• Large heads compared to bodies
  • Reddish-brown
  • Dimorphic—3-4 mm long or 2 mm long
  • Six legs, two antennae
  • Two nodes
  • Leave behind “dirt piles”

Colony Size

  • Typically small, 200-300 ants
  • But can create “supercolonies” that push other ant species out of an area


  • Live and dead insects
  • Honeydew
  • Seeds

How to Get Rid of Them

  • Outdoor granular baits (some specifically designed for big headed ants)
  • Insecticides containing pyrethrins
  • Eliminating nesting spots and passages into home

Pharaoh Ants

Pharaoh ants carrying dead insect

Legend has it that pharaoh ants were one of the plagues that descended upon Ancient Egypt. These tiny ants, also an invasive species, are monomorphic (one uniform size) but vary slightly between 1.5-2 mm long. They have angular “shoulders”and two nodes. While most of their bodies are shiny and yellowish or light brown to red in color, their abdomens are darker to blackish, creating a “gradient” effect. Pharaoh ants have stingers, but rarely thrust them out. They nest in odd places (i.e. between sheets of stationery, in piles of linen or clothes, inside of appliances, in piles of trash).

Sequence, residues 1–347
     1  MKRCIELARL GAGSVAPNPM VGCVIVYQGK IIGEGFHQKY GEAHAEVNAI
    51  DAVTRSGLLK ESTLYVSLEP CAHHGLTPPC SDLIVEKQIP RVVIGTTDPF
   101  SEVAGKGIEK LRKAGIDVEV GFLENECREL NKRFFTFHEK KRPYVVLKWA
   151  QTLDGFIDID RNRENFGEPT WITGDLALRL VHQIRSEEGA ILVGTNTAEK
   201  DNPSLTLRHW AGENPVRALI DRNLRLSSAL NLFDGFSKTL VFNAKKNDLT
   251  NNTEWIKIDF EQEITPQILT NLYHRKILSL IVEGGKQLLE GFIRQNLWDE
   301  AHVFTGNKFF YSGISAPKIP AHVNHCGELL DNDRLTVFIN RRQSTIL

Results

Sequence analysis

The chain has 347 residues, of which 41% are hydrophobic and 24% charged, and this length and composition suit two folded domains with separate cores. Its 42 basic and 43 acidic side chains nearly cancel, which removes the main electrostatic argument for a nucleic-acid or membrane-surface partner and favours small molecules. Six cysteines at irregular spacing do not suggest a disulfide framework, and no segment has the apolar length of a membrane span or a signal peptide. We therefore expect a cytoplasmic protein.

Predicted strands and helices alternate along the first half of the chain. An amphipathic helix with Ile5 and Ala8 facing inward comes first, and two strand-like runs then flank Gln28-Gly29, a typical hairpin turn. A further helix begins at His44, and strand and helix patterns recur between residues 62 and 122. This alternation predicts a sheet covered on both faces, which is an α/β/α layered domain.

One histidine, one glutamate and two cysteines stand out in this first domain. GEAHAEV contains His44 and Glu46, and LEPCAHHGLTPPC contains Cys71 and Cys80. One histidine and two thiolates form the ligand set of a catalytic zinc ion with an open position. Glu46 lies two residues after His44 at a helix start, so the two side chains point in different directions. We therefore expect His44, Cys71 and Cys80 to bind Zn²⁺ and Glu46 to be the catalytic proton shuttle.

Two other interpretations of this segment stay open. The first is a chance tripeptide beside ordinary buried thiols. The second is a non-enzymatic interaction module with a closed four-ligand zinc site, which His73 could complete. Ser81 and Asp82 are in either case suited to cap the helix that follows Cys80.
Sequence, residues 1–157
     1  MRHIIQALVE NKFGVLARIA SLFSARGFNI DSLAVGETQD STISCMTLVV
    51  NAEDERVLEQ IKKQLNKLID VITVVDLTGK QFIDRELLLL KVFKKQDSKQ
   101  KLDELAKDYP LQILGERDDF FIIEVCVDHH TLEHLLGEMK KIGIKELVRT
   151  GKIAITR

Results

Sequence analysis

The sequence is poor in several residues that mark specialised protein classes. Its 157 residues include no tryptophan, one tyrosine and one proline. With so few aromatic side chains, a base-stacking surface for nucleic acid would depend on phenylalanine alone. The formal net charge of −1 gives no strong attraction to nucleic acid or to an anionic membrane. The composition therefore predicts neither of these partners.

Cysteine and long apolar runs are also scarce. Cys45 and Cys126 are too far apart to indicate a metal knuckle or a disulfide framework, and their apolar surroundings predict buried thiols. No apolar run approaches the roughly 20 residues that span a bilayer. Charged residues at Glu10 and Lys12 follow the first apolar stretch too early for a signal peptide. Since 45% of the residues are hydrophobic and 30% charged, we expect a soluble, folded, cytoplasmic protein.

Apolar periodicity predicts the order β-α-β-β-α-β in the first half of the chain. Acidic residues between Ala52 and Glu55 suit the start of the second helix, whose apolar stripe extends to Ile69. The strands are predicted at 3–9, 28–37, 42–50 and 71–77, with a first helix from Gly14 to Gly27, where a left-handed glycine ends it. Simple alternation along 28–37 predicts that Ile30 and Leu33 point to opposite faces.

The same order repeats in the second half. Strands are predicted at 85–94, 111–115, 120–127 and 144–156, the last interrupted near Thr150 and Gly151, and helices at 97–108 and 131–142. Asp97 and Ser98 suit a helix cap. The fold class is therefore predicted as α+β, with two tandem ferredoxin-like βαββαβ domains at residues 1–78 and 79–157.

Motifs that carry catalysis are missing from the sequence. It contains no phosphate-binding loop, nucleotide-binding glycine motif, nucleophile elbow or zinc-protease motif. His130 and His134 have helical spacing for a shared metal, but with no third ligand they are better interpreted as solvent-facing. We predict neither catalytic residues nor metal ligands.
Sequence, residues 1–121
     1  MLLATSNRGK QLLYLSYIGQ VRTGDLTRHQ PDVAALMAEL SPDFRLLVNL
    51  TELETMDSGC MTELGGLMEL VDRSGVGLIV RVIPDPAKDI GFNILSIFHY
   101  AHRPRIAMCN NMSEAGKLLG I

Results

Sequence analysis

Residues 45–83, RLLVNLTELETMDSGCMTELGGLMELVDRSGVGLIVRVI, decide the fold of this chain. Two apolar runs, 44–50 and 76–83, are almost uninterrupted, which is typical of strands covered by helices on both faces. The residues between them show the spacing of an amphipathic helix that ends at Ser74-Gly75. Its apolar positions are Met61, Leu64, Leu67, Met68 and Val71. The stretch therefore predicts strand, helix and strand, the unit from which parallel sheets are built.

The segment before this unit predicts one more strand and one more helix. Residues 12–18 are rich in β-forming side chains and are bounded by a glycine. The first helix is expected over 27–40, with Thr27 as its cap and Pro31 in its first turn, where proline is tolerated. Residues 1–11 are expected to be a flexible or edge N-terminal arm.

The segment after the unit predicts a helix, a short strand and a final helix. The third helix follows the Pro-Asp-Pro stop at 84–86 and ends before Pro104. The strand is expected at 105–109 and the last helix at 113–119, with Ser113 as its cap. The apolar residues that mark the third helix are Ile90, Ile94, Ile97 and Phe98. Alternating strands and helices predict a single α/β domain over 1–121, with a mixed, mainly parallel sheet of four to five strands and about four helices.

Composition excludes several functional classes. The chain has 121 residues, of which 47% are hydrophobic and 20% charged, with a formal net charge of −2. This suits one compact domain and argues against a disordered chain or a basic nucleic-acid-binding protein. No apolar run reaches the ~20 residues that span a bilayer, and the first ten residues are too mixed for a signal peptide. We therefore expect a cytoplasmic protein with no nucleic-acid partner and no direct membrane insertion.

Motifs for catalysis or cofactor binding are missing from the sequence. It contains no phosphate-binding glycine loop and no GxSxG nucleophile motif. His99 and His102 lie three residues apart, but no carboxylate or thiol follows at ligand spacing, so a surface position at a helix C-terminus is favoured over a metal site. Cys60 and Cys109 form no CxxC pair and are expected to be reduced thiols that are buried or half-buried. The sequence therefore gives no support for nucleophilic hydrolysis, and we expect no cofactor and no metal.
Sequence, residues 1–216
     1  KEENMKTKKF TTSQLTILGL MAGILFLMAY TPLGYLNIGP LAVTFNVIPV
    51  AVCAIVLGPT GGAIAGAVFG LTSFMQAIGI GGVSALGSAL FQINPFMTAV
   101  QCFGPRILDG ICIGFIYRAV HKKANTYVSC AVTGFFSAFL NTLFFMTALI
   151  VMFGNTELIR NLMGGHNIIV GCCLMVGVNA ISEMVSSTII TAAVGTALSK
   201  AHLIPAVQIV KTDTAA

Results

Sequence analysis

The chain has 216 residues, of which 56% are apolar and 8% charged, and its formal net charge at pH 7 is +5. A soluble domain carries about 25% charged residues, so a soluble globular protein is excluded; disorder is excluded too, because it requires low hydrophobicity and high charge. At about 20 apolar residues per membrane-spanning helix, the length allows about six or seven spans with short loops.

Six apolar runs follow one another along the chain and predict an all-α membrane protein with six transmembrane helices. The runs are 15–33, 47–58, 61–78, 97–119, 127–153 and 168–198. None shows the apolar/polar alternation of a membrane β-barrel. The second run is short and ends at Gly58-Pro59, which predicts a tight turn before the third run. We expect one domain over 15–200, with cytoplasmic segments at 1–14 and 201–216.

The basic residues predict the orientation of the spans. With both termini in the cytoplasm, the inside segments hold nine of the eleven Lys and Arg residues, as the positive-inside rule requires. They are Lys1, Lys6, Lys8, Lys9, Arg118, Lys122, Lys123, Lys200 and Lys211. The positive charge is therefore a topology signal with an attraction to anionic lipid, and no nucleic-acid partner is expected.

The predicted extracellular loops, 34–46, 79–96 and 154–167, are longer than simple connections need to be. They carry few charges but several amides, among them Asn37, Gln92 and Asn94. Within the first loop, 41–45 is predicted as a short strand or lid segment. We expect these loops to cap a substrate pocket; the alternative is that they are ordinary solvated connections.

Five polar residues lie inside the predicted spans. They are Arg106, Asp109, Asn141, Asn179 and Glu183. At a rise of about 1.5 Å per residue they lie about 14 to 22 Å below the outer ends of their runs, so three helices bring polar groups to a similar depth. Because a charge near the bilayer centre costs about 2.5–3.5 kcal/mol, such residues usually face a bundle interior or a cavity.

The most common methods for eliminating pharaoh ants are baits and insecticides/repellent sprays. Keeping your home very clean is crucial, as not only will sanitation prevent a pharaoh ant infestation, it will also eliminate food sources like crumbs and force the ants to feed on baits. Insect growth regulators (IGRs) are often used indoors as pharaoh ant “birth control” (they sterilize the queen and prevent the production of worker ants).


  • 1.5-2mm long (monomorphic)
    • Queens are 4mm long
  • Shiny, yellowish/light brown/red to darker/blackish “gradient” in color
  • Stingers (rarely used)
  • “Spiky” (angular “shoulders,” two nodes
  • Six legs, two antennae
  • Nest in odd places (i.e. in piles of linen or paper)

Colony Size

  • Several hundred ants in large colonies


  • Attracted to sweet/sugary and fatty foods
  • Oils
  • Syrups, fruits
  • Protein (i.e. meat scraps)
  • Other insects
  • Human food debris

How to Get Rid of Them

  • Baits
  • Insecticides
  • Spraying repellent spray around the perimeter of the home
  • Maintaining a sanitized space (removing food sources to encourage ants to eat baits)
  • Insect growth regulator (IGR)

Professional Ant Control in Florida

If you suspect an ant infestation in your Florida home or business, it’s never too early to call a pest control professional. A professional exterminator can find the source of your pest problem and recommend the appropriate treatment to eliminate it (and ensure it doesn’t come back). 

Most species of tiny red ants can be destructive to your home or invasive to the local ecosystem, so it’s best to call a professional before the problem gets out of hand.